Of Newsmen, Neighbors and Ninety-Five
We celebrate the season with a fat December issue filled with both substance and lighthearted fare. There are articles on New York banking superintendent Diana Taylor, the mayor’s lady; wild Larry Hoff, on-the-spot TV reporter; and the ever-thorny thruway. There are tips on gift giving, a forum on drug abuse among our young and an expanded Weddings department with a resource directory for future brides and grooms.
We didn’t include a story about President Bush’s visit to Riverside on Monday, September 25, to raise money for Connecticut Republicans. But since he stopped for lunch a few doors down the road from our house, people keep asking Jack and me what happened.
Well, the first thing was that the town cleaned up the street, removing the giant maple (a town tree) felled by a storm weeks before and lying in chunks in our front yard. Then sweeping machines arrived to polish the pavement. During the weekend, we could hear helicopters in practice flights over Binney Park, where Bush’s Marine One would land.
On D-Day, we woke to police motorcycles roaring up the road. Since it is a dead end, they couldn’t go far before having to turn around and race back to wherever they came from. Later, in fear they might hit some kid, I would be yelling “Slow down!” as they sped by.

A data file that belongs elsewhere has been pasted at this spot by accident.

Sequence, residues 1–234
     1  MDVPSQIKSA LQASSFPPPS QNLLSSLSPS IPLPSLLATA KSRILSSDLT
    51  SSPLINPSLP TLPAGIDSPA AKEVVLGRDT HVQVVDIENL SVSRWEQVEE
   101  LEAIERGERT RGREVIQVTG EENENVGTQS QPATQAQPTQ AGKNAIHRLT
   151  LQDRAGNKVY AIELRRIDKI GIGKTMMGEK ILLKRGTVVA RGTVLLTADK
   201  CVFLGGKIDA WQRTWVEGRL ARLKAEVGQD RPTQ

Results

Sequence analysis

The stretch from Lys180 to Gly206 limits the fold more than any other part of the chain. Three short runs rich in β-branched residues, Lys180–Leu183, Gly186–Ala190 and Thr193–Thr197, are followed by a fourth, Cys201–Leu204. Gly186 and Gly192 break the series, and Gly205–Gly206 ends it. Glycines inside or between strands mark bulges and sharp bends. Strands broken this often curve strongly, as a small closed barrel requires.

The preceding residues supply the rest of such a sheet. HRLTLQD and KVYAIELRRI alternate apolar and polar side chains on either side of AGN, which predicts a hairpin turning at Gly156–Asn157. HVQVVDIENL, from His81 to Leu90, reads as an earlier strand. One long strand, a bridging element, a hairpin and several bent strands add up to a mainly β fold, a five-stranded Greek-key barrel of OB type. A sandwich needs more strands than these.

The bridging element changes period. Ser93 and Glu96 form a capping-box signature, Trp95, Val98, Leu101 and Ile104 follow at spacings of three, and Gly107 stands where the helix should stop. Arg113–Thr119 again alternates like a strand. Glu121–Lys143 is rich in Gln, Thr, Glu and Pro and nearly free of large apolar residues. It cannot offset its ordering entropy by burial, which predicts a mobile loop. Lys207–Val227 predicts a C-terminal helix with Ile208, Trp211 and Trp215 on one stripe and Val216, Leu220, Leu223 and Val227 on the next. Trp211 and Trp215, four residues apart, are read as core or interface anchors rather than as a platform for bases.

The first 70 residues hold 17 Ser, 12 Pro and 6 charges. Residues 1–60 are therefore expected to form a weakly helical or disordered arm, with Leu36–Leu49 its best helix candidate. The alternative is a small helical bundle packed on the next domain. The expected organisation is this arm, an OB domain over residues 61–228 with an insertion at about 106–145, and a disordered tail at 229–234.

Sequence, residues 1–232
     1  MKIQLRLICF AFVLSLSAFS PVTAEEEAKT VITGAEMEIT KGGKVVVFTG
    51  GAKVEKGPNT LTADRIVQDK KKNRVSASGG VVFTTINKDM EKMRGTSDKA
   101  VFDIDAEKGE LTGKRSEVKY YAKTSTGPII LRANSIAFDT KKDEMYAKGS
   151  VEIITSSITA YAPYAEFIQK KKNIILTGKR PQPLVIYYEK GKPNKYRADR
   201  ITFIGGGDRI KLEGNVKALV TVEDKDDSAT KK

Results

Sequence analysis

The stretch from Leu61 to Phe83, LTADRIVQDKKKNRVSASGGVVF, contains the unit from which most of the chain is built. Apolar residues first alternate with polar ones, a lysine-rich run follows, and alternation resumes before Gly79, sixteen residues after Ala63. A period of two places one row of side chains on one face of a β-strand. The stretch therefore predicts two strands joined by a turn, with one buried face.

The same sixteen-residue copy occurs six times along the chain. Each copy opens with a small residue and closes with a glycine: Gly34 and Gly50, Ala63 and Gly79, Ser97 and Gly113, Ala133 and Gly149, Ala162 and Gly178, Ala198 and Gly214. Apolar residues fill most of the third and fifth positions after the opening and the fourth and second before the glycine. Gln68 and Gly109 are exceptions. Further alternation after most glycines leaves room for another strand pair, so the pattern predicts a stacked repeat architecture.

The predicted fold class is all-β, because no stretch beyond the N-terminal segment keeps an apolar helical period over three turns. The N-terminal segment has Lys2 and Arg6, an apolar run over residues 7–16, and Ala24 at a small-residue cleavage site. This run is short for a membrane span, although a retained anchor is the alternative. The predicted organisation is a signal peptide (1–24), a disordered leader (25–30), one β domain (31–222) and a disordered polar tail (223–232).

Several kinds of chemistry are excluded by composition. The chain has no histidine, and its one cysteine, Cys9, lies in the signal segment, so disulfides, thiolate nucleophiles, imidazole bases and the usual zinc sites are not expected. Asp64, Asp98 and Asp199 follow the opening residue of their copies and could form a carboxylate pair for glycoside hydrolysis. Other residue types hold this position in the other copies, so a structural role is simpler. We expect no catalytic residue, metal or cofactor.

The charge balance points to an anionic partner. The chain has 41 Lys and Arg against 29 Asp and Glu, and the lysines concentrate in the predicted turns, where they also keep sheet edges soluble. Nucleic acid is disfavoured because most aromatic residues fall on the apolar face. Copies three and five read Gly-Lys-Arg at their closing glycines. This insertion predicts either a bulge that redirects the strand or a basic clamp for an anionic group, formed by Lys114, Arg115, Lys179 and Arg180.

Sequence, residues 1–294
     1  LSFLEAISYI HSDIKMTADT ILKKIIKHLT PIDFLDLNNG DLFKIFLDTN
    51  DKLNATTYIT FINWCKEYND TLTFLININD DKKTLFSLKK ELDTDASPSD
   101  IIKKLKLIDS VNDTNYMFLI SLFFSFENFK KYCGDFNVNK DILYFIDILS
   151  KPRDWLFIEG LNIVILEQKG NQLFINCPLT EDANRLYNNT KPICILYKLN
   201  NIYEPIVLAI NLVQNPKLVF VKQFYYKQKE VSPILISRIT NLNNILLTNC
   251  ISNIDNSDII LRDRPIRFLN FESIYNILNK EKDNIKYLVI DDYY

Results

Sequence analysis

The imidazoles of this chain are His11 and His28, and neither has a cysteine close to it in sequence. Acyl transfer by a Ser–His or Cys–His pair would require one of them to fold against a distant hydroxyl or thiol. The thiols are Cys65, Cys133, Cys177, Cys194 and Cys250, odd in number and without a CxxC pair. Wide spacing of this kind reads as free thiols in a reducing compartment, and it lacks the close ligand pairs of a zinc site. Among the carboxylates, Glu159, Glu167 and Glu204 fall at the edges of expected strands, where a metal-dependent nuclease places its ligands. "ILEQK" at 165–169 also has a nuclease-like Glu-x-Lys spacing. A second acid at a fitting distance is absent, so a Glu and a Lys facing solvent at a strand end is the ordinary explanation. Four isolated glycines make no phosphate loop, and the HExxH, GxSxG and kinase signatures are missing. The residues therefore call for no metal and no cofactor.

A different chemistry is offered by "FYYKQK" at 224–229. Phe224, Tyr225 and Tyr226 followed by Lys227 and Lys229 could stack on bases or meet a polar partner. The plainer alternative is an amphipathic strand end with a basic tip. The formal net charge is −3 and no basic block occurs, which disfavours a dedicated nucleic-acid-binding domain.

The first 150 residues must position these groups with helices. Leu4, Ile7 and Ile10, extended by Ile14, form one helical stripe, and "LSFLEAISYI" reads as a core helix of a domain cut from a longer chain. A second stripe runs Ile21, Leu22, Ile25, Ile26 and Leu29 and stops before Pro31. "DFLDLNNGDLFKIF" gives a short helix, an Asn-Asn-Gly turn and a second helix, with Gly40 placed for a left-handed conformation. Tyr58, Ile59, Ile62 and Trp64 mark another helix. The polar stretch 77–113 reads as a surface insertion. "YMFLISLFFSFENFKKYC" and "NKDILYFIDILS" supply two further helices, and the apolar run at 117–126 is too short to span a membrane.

A Greenwich police officer was stationed at the intersection. Planes and more helicopters buzzed overhead, scuba divers explored the waters nearby, and men with bomb-sniffing dogs checked our mailboxes and phone poles. Two dozen men hung out at the end of the road. Those in white shirts, we learned, were White House security personnel who travel with the President wherever he goes. As guests pulled up in their cars, they stepped out to be frisked (including Malcolm Pray. Where was my camera?) while every inch of their vehicles was inspected. A Secret Service fellow, wondering why I was standing so close to the action, asked if I was “going down to the Point.” I said, “No, I live here.” That satisfied him. I tried to chat, but he wasn’t into small talk.
There were only about sixty people lining one side of the road (as instructed) — mostly neighbors but a few who had sneaked through the bushes from elsewhere. Excited little kids had set up a lemonade stand, hoping the President would stop for a glass. Older boys waving big American flags exercised their skateboards. An Associated Press reporter with a notepad quietly queried us, including Betty Bonsal with her various antiwar signs. One neighbor asked her politely not to stand in her driveway. I told Betty she could stand in mine.
Then the motorcycles were back en masse followed by a twenty-car motorcade — limousines, squad cars, GEMS, the press, a van with a giant nipple on top (for broadcasting?), a large square truck (for bombs?). Somebody yelled: “I saw him!” Another thought she saw a hand waving. If so, I can’t imagine how. All the limo windows were jet black.
I don’t know what happened when President Bush took his leave after lunch. The Greenwich police had assured us that we weren’t held captive while he savored his sea bass, so Jack and I went to work. But it was a colorful, once-in-a-lifetime experience. My only question: Why couldn’t the White House just write out a check for $600,000 to the Connecticut GOP? This cost us taxpayers bundles more than that.
Hope your holidays are warm, wonderful and won’t break the bank.